Understanding Rates of Compression

Does life depend on the number of compressions a minute? Yes it does. The fact of the matter is that a heart that’s not pumping needs to be manually compressed. It is also important that artificially compressing the heart needs to mimic normal heart beats. A person on cardiac arrest needs the heart to be able to push blood around the rest of the body, where the oxygen and carbon dioxide exchange occurs. Knowing that, there is something called under- compression and over- compression. Understanding this concept and how the body works will be helpful to realize the significance of compression rates.

Prior to the change in 2015 about the number of chest compressions per minute, the wording was that during cardiopulmonary resuscitation (CPR), a rescuer should compress at least 100 per minute. Obviously, the heart does not stop after reaching 100 every minute, and the count begins again. How they came up with that number comes from the average heartbeat of all age groups and who is likely to have cardiac arrests.

Average Heart Beats

Normal heart beats for infants that are less than 1 year of age beat at a rate of 100- 180 per minute. Children from 1 to 8 years of age have a heart beat with a rate of 80- 110 per minute. All other age groups have a heart beat ranging from 60- 100 beats a minute. With these numbers alone, it is reasonable to try to reach the 100 beats a minute threshold. It is also reasonable because the age group that would most likely have a cardiac arrest are adults. Another good reason is the fact that reaching the maximum number of chest compressions a minute is better than the fear of not compressing enough for adequate blood transportation throughout the body.

chest compression during cprThis leads to another concept that must be understood, which is under- and over- compression. The results of under- and over- compression are the same. They both do not provide enough blood flow throughout the body. Under- compression will cause the heart to fill with blood but the time for it to be pushed out of the heart and travel through the body takes some time and may not be adequate for the organs and their individual cells to exchange carbon dioxide and oxygen. Oxygen is needed to make energy and maintain body functions. On the other hand, over- compression will not give the heart time to fill with blood. So, every compression will pump out less than adequate amount of blood that is needed in the body.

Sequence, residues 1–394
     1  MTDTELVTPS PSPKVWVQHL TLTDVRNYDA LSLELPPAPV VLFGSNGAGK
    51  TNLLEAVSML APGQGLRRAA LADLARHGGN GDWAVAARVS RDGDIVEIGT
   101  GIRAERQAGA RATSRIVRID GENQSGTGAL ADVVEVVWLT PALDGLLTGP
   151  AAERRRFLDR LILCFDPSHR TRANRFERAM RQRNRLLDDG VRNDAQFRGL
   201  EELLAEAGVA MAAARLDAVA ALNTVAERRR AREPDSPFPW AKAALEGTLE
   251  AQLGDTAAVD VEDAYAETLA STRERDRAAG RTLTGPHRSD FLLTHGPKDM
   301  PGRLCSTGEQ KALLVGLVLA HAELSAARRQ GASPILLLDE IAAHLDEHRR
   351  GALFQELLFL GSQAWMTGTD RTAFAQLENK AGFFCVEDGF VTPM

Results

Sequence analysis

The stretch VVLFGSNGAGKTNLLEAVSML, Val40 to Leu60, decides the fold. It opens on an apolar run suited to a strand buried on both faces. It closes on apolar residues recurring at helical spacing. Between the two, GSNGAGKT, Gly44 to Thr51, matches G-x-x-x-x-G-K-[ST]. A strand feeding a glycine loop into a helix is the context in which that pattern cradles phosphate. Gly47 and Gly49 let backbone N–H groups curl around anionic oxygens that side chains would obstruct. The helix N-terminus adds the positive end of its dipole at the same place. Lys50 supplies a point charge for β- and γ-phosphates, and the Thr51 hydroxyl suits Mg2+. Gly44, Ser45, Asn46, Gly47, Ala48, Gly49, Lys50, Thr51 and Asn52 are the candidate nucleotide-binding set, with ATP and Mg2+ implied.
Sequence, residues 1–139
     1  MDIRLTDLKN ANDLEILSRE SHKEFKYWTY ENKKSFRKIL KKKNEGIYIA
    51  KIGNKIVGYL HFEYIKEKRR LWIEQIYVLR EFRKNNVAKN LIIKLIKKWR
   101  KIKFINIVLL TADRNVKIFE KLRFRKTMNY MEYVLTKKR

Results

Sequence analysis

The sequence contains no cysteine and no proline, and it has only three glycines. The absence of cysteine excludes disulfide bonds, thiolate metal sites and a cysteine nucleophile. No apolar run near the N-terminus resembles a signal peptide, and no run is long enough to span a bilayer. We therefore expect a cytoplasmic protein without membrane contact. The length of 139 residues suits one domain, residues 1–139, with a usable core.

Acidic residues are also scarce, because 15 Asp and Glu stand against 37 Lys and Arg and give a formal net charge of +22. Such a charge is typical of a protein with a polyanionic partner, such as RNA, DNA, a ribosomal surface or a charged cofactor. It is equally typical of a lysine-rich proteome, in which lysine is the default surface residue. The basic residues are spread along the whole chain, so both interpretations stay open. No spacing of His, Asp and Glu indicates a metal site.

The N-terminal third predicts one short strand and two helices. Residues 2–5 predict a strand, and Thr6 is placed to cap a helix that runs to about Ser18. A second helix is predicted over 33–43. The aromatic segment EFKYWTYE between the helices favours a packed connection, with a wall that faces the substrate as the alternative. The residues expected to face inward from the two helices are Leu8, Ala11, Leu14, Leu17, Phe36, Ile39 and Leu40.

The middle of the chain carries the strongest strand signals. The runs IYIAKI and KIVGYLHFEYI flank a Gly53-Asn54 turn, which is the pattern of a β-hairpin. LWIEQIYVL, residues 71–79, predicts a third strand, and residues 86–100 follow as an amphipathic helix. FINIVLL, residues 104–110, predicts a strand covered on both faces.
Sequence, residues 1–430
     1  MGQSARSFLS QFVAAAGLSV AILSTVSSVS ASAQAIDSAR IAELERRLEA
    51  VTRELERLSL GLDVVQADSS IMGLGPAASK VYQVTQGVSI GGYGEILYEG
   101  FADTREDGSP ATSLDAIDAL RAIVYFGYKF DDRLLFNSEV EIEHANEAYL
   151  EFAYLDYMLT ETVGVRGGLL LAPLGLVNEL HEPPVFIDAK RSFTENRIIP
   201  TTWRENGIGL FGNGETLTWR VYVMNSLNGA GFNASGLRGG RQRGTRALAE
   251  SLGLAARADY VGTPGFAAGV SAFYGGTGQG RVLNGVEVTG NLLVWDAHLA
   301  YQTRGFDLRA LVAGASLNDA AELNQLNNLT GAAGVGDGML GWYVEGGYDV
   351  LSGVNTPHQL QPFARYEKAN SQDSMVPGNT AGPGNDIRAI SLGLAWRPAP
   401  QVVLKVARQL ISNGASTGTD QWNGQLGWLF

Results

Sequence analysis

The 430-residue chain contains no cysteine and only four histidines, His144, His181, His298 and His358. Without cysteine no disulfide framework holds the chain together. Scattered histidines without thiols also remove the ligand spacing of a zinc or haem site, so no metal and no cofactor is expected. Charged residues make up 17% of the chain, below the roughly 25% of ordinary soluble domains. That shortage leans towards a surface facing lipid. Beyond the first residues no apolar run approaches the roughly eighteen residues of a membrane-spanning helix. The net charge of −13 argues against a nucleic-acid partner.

Benefits of a Compression Rate

The words used prior to 2015 was “at least 100…”. AHA has recommended a compression rate of “100- 120 compressions”. Statistically, these numbers are sound. It is within a normal heart rate at rest. Furthermore, people who are not at cardiac arrest can have a heart rate of over 110 beats a minute if they have a fever or are injured. During exercises, such as a long run, heart rates can be as high as 160 beats a minute. The maximum heart rate during an exercise is 175 beats a minute (45 years old). In a traumatic situation such as a cardiac arrest, the body needs the heart to pump at a high rate for more oxygen and other proteins contained in the blood for body maintenance and healing. This compression rate is also beneficial for the lone rescuer because actively doing CPR for just 5 minutes can already be quite tiring. Finally, a compression rate of 100- 120 a minute should provide maximum heart functionality in terms of blood volume filling in the heart and the amount of blood being pumped to the rest of the body.

The use of “at least 100 compressions a minute…” is also correct as it meets criteria for maximizing heart function. However, providing a range can be helpful for rescuers to act towards.

Thank you for reading.

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